What is a patient advocate and how can they possibly help you with your TMJ journey.
“Patient Advocate” is a very broad title that encompasses many types of services for patients. This article might give you some ideas of what type of patient advocate might best help you.
Many hospitals offer the assistance of in-house advocates. Think of them as ombudsmen. They work for the hospital to facilitate communication, but it is important to remember that they do still work for the hospital.
Medical Assistant: This type of advocate requires knowledge of the healthcare system, and a medical background. Advocates of this type can provide medical assistance with reviewing diagnoses, treatment options, medical records and test reports, they may also accompany a patient to appointments, monitor the patient at the bedside in a hospital. The advocates and care managers providing this type of care have, in most cases, a medical background; retired doctors or nurses, or someone who spent the first part of his career in a medical capacity. There are some formal programs being developed for assisting patients with medical needs.
Insurance Assistant: Health insurance and other cost and billing issues can be very confusing. Insurance Advocates are available to help patients or their loved ones wade through the confusion. They offer services such as helping to choose the best insurance plan, handling paperwork and insurance filings, negotiating denials of claims, and Medicare plan decision making.
Legal Assistant: Sometimes the help needed for medical problems is really more legal in nature. From worker’s compensation, to disability filings, to malpractice and medical error review, you may find that your best advocate is a lawyer.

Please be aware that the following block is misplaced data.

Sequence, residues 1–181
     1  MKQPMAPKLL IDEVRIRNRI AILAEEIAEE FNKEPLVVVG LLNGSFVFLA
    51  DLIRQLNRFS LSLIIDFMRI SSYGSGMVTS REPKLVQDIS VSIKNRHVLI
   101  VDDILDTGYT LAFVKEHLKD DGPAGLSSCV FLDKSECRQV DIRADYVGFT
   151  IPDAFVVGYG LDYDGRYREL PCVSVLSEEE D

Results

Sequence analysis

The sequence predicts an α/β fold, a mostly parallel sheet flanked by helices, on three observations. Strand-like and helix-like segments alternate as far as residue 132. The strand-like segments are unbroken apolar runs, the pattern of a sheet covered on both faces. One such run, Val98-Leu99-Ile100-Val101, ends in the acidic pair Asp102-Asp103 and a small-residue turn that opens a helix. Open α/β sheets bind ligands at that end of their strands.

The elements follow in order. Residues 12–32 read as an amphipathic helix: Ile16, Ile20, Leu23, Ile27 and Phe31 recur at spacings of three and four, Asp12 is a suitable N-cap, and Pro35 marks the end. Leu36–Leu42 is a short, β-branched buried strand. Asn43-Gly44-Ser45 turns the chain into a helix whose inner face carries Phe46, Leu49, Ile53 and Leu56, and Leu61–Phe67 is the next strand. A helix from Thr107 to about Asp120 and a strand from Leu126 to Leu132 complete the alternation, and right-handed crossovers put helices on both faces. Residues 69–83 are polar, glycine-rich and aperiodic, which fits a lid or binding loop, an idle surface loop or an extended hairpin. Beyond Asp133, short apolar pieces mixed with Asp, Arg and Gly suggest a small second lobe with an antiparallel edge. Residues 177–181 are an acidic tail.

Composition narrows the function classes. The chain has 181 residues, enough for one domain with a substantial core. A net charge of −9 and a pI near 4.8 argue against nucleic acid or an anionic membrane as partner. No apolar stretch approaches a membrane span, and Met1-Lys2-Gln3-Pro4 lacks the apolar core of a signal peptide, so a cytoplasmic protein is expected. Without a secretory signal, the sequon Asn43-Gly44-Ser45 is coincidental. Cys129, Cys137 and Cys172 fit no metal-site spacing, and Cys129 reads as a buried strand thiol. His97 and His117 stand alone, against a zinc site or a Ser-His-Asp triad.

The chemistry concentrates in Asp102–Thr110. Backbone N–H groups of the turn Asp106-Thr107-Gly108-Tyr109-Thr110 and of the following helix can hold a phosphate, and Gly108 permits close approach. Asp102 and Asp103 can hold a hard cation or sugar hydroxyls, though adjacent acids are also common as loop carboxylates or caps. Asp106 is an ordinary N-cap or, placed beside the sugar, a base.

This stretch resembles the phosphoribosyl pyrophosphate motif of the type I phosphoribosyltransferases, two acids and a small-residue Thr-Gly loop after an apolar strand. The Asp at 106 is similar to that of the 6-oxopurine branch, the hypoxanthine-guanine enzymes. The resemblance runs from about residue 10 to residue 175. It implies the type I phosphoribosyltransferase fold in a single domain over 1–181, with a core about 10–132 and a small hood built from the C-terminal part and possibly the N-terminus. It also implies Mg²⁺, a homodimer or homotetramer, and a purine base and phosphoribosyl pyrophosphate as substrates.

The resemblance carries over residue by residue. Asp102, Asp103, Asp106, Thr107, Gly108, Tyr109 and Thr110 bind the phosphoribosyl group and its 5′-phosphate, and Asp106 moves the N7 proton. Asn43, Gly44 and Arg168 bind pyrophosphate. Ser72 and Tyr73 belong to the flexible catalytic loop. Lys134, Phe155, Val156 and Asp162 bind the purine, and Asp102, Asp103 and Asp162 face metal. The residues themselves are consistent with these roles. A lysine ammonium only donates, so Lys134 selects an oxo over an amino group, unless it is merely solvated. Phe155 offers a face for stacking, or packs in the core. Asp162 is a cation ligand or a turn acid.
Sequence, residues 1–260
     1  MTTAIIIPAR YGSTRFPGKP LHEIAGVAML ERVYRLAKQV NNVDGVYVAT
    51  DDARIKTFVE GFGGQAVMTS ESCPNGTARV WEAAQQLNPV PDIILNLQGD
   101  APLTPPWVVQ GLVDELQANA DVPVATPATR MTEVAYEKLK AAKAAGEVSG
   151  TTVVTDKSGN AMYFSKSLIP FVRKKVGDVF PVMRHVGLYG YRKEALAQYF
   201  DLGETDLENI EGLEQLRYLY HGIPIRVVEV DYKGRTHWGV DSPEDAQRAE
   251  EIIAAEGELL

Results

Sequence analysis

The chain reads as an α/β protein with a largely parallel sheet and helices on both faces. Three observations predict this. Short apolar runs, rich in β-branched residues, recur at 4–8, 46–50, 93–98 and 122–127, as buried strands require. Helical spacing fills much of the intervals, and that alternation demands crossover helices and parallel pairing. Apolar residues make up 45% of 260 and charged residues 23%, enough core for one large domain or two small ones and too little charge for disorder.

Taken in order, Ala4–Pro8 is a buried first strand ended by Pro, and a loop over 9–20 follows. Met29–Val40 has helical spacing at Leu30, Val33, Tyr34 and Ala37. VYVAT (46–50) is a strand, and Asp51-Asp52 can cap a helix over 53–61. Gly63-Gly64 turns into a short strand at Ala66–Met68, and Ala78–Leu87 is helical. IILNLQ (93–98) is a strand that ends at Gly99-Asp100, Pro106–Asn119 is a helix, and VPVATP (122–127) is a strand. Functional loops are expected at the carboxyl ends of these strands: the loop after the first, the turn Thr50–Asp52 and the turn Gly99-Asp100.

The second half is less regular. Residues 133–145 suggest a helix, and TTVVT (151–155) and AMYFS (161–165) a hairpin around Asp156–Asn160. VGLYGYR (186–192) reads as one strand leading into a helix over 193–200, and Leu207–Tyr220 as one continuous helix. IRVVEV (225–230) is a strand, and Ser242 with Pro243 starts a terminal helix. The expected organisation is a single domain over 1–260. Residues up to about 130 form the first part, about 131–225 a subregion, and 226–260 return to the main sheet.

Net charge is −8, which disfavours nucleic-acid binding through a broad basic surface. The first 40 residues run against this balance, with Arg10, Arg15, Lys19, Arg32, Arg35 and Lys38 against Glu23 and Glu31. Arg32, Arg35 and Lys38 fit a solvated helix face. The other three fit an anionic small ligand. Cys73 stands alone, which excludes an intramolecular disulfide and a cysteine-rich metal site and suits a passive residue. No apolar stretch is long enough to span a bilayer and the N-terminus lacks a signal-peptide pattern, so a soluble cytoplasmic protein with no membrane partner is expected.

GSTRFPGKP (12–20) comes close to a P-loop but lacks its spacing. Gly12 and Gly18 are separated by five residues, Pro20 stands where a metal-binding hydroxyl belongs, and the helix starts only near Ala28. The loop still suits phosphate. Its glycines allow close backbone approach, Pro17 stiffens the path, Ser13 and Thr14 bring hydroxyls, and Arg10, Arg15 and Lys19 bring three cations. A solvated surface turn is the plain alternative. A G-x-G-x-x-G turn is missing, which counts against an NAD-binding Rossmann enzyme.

There are several other types of advocates but I chose to only get in-depth on the 3 that I thought might help TMJ patients the most.
Here is something to know and remember when looking for a patient advocate: Are Patient Advocates Certified or Credentialed? The answer is no, there is no accrediting group/agency that has developed standards for certifying the skills of patient advocates.
Most health professionals are licensed and certified by a government or a certification body. For example, doctors must complete medical school, take exams, and be licensed by the state they practice in. Then, to better establish their expertise, they may apply for, and prove their worth, to become “board certified” within their specialty areas. Hospitals, too, are reviewed and certified, or accredited, by the Joint Commission. Nurses, nurse practitioners and other health professions have similar licensing and credentialing requirements and opportunities.
But private, professional patient advocacy is too new. There exists no accreditation organization or licensing body for patients’ advocates.
Don’t let this discourage you though, they really can be a useful tool, but just like anything else we need to be informed of the facts.
Many hospitals, rehab centers and other facilities hire patient advocates. Many have a customer-service type position. Some of these advocates have a back ground in social work or other forms of customer service. While they do trouble-shoot and solve problems for patients, many of their decisions must be made in favor of the facility and not necessarily in the best interest of the patient.
Some work for insurance companies. They may be called “patient advocates” or “case managers” .
There is also always the option to hire a patient advocate privately. This can be a really good option for many who are dealing with insurance denials or healthcare providers to add an extra layer of advocacy for your own care/situation.
Here are some links that might be helpful when looking for a patient advocate. You can also do a google search for your area or state.
I just want to add a personal note in saying that I myself have used a patient advocate to help me in getting proper pain management for my TMJ and it proved instrumental in helping to coordinate my care and expedite the issue.